I also had a Mapping Metaphor task to do this week: updating the database with new data. Wendy has been continuing to work with the data, adding in directionality, dates and sample lexemes and Ellen sent me a new batch. It has been a while since I’d last uploaded new data and it took me a while to remember how my upload script worked, but after I’d figured that out everything went smoothly. We now have information about 16,378 metaphorical connections in the system and 12,845 sample lexemes linked into the Historical Thesaurus.

My final task of the week was to continue working on my WordPress plugin for Gavin Miller’s Science Fiction and the Medical Humanities website. Last week I started working on a browse facility that will let users view things like years, themes, mediums and people and to then click through to search results showing the bibliographical items that have been associated with these things. I had included jQuery in this to power some tabs and unfortunately this had conflicted with the jQuery version that was already included within WordPress. I have now figured out how to include jQuery in a plugin and to reference WordPress’s version rather than my own version. Basically at the top of the plugin you have to include ‘wp_enqueue_script(‘jquery’);’ and then in the JavaScript you need to wrap the code with ‘jQuery( function ( $ ) {});’ rather than ‘$(function() {});’ that I’m used to. With that conflict resolved I continued to develop the browse feature and the search results page that this passes data to. It’s now possible to browse for things (e.g. the theme ‘surgery’), see all of the corresponding bibliographic items and then click through to an actual item. I also updated the item page so that whenever browsable things appear in the page (e.g. the associated themes) these link in to the search results page too. It seems to be working pretty well. The next task will be to create advanced and quick search features.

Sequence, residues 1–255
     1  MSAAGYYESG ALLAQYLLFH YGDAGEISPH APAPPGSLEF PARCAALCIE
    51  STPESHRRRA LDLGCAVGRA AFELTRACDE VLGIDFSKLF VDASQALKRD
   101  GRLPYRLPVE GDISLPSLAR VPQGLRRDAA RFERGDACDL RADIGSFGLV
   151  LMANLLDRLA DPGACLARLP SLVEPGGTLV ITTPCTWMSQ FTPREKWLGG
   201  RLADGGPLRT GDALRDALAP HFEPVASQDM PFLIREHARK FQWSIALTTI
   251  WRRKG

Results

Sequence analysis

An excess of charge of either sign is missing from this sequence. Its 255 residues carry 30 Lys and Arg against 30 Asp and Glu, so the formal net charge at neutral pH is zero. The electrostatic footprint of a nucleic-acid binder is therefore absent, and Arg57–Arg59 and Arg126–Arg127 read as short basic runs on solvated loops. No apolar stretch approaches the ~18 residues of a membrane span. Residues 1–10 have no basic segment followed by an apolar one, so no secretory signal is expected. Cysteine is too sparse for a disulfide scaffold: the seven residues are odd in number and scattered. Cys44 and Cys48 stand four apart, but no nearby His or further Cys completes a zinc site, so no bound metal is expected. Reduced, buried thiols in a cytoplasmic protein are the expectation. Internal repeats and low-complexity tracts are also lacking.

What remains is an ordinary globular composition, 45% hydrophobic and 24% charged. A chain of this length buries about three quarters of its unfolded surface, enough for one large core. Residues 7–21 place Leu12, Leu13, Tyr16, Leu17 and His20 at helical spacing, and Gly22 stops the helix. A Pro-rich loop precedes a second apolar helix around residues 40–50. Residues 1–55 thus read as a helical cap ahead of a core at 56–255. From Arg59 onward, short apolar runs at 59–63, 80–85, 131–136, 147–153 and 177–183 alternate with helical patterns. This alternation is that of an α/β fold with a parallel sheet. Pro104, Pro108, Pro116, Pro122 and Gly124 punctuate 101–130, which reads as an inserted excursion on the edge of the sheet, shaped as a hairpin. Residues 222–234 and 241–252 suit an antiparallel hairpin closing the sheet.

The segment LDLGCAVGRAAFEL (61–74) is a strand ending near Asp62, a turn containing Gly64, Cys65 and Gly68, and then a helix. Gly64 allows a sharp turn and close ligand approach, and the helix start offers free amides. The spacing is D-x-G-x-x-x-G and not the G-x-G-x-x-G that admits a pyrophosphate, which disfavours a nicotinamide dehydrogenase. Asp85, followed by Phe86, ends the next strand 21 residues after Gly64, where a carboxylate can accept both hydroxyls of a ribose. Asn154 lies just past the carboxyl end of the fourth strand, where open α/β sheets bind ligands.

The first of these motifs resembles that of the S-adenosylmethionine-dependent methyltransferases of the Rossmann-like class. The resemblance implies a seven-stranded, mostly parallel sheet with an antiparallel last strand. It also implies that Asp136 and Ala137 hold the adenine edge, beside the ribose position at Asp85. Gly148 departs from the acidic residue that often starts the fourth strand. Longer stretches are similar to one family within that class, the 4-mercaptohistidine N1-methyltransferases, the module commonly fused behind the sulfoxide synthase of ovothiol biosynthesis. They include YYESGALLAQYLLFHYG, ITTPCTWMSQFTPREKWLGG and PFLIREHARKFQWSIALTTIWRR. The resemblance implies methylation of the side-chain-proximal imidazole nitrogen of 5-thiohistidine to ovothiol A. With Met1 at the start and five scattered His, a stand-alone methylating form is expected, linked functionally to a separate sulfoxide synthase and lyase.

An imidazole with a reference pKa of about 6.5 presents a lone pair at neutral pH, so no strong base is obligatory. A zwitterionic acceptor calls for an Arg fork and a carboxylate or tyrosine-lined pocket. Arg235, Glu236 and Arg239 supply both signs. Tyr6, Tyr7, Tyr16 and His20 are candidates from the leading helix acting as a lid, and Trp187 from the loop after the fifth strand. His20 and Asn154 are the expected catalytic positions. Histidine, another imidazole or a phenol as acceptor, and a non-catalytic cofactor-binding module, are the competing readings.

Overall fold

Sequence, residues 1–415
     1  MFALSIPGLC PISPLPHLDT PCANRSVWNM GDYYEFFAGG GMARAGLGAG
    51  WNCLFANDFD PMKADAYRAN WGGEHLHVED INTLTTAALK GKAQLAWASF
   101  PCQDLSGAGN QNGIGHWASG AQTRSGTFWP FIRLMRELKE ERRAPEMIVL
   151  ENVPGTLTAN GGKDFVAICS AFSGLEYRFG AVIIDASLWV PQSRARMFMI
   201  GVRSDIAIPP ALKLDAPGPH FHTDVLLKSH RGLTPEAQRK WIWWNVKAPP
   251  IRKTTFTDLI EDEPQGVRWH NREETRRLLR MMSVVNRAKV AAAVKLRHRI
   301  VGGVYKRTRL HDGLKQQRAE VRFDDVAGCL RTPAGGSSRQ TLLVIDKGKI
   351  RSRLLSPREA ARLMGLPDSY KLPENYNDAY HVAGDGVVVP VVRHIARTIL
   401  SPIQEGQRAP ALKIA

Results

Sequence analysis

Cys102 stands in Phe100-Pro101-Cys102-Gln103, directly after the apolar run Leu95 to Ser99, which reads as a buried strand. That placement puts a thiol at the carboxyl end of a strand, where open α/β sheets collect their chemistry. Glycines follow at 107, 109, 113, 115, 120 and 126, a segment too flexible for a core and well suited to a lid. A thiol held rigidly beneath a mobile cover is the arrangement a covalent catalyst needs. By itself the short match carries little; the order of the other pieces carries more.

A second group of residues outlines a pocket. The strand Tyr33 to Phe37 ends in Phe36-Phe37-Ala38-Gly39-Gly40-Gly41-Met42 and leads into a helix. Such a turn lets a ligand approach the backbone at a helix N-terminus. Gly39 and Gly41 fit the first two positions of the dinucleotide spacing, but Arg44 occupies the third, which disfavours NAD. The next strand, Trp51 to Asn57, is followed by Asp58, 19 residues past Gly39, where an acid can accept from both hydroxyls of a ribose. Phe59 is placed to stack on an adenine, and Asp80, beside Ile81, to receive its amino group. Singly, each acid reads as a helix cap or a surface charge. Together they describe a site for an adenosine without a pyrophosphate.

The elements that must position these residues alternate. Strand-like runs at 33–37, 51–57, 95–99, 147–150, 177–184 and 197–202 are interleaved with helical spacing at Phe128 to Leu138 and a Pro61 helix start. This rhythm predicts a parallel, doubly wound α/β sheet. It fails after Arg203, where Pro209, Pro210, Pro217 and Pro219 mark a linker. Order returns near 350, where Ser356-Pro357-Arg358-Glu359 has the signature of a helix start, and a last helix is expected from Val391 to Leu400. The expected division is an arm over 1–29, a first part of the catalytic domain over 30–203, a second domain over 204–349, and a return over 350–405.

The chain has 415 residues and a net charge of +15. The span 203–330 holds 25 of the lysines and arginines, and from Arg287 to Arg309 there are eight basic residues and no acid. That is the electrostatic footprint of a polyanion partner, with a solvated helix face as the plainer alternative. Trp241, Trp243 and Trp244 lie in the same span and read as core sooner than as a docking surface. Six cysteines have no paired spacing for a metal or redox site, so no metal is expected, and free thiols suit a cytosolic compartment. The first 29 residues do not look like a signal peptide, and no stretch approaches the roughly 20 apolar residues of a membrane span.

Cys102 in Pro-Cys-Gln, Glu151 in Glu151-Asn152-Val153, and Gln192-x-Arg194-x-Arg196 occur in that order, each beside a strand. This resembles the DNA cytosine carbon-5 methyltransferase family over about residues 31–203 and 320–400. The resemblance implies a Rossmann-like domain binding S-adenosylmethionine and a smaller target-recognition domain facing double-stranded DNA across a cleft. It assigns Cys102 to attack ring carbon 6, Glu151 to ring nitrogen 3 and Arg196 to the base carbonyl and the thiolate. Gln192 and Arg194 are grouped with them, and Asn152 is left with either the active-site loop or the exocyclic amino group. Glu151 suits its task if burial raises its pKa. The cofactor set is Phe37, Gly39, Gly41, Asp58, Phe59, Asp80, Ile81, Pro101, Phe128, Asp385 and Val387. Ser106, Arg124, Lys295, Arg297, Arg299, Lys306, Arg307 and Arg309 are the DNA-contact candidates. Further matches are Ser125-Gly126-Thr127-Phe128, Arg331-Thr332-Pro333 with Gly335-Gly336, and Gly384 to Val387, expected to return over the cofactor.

I’m going to be on holiday next week and the following week I’m going to be at a conference so there will be no more from me until after I return.